Gilbert Murray, The Rise of the Greek Epic
, 3rd ed. (Oxford: Clarendon Press, 1924), p. 5:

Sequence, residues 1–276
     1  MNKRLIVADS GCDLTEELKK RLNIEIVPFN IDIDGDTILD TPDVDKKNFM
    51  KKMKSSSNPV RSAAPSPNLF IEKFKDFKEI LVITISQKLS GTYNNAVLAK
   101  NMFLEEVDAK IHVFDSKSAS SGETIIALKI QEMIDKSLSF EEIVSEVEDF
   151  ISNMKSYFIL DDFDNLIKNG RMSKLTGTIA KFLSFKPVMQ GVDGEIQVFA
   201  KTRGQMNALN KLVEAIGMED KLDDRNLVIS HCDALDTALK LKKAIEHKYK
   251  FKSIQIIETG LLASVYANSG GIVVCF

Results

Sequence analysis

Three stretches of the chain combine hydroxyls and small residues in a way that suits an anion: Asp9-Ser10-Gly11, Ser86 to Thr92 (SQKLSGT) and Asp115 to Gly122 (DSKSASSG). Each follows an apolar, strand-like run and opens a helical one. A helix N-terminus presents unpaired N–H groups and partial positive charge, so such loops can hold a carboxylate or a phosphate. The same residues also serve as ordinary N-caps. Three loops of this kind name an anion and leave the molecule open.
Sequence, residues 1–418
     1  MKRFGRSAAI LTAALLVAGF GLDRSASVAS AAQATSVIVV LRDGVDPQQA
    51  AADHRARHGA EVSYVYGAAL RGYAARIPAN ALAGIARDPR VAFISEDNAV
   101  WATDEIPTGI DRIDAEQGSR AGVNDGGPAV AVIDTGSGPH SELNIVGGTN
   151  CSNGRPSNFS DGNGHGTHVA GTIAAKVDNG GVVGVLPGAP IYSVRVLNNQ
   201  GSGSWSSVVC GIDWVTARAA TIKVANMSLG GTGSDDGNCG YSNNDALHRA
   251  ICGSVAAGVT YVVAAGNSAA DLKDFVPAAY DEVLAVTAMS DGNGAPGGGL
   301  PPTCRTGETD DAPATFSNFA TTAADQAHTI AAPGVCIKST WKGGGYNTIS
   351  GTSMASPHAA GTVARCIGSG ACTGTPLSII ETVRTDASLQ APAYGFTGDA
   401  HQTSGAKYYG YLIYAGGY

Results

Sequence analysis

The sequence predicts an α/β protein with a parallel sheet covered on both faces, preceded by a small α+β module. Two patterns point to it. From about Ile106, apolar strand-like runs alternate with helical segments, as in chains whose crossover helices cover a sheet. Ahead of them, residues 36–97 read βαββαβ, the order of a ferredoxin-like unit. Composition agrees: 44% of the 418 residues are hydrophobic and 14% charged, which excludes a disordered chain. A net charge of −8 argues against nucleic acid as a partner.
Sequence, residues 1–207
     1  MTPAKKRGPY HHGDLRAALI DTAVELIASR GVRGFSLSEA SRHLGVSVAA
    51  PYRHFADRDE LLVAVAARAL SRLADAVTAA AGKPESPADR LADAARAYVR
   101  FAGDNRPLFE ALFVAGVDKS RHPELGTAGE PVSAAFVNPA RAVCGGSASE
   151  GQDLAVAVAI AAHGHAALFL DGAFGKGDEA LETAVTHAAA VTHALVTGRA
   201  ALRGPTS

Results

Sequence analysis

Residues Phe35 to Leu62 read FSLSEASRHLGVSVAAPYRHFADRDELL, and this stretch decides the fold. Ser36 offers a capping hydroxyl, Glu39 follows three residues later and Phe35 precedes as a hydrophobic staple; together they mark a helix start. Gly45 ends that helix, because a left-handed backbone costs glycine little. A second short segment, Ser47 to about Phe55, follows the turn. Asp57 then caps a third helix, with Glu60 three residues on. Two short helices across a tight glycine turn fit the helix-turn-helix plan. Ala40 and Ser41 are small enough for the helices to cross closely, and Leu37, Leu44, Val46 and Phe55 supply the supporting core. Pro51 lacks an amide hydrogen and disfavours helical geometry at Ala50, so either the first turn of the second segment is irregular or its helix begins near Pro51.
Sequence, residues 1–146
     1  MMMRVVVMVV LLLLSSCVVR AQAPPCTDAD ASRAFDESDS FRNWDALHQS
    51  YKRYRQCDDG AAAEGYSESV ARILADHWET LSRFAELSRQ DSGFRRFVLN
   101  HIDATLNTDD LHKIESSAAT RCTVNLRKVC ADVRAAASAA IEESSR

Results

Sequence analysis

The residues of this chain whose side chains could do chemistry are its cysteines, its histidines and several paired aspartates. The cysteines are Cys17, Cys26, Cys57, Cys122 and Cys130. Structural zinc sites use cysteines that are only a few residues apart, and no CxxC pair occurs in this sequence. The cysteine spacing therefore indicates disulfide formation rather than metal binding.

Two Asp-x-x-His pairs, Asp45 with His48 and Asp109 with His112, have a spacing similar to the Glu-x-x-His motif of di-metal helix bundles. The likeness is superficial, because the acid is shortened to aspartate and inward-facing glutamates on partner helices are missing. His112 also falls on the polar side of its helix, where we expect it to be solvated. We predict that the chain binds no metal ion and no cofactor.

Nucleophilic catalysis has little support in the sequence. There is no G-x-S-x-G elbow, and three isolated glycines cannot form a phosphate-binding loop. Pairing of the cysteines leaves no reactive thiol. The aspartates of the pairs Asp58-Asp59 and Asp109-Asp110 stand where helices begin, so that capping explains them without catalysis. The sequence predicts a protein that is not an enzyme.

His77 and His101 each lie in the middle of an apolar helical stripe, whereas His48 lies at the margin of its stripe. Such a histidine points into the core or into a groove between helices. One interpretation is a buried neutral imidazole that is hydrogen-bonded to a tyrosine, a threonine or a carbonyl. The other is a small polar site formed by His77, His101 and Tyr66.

The classical books are in general the books which have possessed for mankind such vitality of interest that they are still read and enjoyed at a time when all the other books written within ten centuries of them have long since been dead. There must be something peculiar about a book of which the world feels after two thousand years that it has not yet had enough. One would like to know what it is that produces this permanent and not transient quality of interest. And it is partly for that that we study the Classics.